This week I was reading a post on GRS (Get Rich Slowly) called Swapping Convenience for Low Costs. It was a really well written and thoughtful article on the choices we make and how major expenses are usually due to wanting something to be convenient. I know in my life, the major area of cost is always eating out, due to being too tired, too sick, and occasionally too lazy to cook.
What really caught my eye was a comment by Matt Jabs from Debt Free Adventure. He and his wife are selling their home. Their monthly housing payment will drop by over half with the “added bonus of lowering…utility costs.” Mmmm, okay?
I hear this a lot actually, especially since we’ve started looking for a house again. “Oh, and remember, your utility costs are going to be a lot higher with a house.” If they were I’d poop twinkies and move into a cardboard box. Our space in Portland is under 500 square feet. When we started looking at a house, I consulted several friends who had houses in the size and age range we were looking at. For a third of the space, I’m paying almost three times what they do in utilities. Why? There are several possible reasons:
All of our appliances are much older. The refrigerator is sporadic at deciding whether or not it will cool or freeze our mayonnaise, the dishwasher fondly remembers Reagan, and the stove/oven has no sense of the words “even” or “continuous” when it comes to heat.
We have a 50 gallon water heater (yes that’s five-oh) for our small space that has broken twice, but since it heats at least half the tank at any given time, considered more than enough for our space, here we sit. Our friend who repairs water heaters told us it’s more than 20 years old, and the last two maintenance guys who suggested the complex replace it mysteriously disappeared. Maybe our water heater ate them?
As many know, apartments don’t always have the best insulation. This isn’t just an issue when your neighbor’s playing Bohemian Rhapsody at midnight in a poor attempt to cover a loud argument, it also affects your utility bills. Our apartment is very poorly sealed, but in the general scheme of things complexes only have to meet certain basic standards. Asking for additional weather-proofing is not required or prioritized by a complex that isn’t paying utilities. There’s a lot you can try to do with draft dodgers, etc., but you can’t add insulation to the walls, replace windows, etc.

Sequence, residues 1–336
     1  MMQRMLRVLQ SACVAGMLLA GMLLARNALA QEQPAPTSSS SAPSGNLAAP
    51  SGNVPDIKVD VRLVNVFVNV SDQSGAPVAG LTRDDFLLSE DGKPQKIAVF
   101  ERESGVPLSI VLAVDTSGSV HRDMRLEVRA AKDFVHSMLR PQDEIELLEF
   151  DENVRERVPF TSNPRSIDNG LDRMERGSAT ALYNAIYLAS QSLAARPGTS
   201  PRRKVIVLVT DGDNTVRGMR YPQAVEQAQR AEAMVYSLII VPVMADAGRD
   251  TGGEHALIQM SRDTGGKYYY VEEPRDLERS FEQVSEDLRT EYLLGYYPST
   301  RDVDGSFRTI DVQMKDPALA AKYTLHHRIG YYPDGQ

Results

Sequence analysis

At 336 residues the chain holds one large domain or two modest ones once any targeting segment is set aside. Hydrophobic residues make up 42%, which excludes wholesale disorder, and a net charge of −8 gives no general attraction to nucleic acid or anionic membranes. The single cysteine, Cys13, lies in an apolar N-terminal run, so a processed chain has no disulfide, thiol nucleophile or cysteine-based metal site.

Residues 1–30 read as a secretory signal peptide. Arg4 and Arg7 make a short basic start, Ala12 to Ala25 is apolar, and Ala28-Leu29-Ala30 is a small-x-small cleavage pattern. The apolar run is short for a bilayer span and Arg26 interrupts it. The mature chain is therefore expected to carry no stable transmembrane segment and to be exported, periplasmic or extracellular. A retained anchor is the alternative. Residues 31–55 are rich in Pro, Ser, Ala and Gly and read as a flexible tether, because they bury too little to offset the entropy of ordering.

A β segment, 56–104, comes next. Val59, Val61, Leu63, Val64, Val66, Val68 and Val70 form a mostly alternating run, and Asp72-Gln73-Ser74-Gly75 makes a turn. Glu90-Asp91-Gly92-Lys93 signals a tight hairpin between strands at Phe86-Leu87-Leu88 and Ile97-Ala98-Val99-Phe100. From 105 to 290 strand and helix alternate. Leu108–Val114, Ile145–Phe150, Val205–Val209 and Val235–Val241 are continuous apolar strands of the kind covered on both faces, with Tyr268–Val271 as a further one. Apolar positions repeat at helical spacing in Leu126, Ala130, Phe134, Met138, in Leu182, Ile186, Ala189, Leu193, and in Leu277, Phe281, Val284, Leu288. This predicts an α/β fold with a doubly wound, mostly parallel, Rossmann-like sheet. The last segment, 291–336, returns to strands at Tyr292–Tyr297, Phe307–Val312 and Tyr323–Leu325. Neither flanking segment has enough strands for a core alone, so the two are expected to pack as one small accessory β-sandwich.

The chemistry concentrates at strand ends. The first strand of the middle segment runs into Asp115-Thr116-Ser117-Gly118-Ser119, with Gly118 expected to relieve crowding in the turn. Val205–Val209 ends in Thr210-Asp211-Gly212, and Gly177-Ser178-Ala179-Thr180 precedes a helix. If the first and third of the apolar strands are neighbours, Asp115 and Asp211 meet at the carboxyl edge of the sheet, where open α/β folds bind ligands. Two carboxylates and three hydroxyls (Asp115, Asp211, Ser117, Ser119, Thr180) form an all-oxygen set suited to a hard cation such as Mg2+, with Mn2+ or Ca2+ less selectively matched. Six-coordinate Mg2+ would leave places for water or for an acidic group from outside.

Your neighbors may also have random unknown effects on your utilities. Remembering the previously mentioned poor insulation, when two sets of my surrounding neighbors went away for work and vacations during Portland’s big freeze last winter, I got to pay to heat their apartments, too. Heating and cooling occur by a type of osmosis. Insulation allows you to keep the temperature in an enclosed area different than it is outside. Without insulation, all the sections grow to a kind of equilibrium. It’s hard enough to heat one 45 degree apartment; heating three will freeze any checkbook.
Another thing that happened during that nasty freeze was our complex added some clarifications to several vague clauses in our lease. If our apartment wasn’t kept at a certain temperature and freeze damage occurred, we would be held responsible for all resulting damages to the building. Trying to get our apartment up to the required temperature was daunting, frustrating, and at some points impossible or unnecessary.
Many people will say, “Well there’s no guarantee your house will be properly weatherized or insulated or that you’ll have energy efficient appliances.” I completely agree, but the level of control is different. When you own your own property you can put in weather stripping. You can replace a sliding glass door that is so continually off track it might as well be open all winter. You don’t have to hope something is deemed a valid or necessary repair.
Back to the Fallacy
Getting back to the original point, there are many factors that will alter what you pay in utilities, and renting vs. owning isn’t one of them. This post mostly addresses apartment living, but the concept is still the same when renting a house as well. If you want to make sure you pay the least in utilities, look for updated weatherization and energy efficient appliances when you enter. Make sure the building shows signs of continuous maintenance.
I hope Matt does very well in his current downsizing, and I’m glad the potential utility savings is a bonus and not necessary. You just never know which way that pendulum will swing.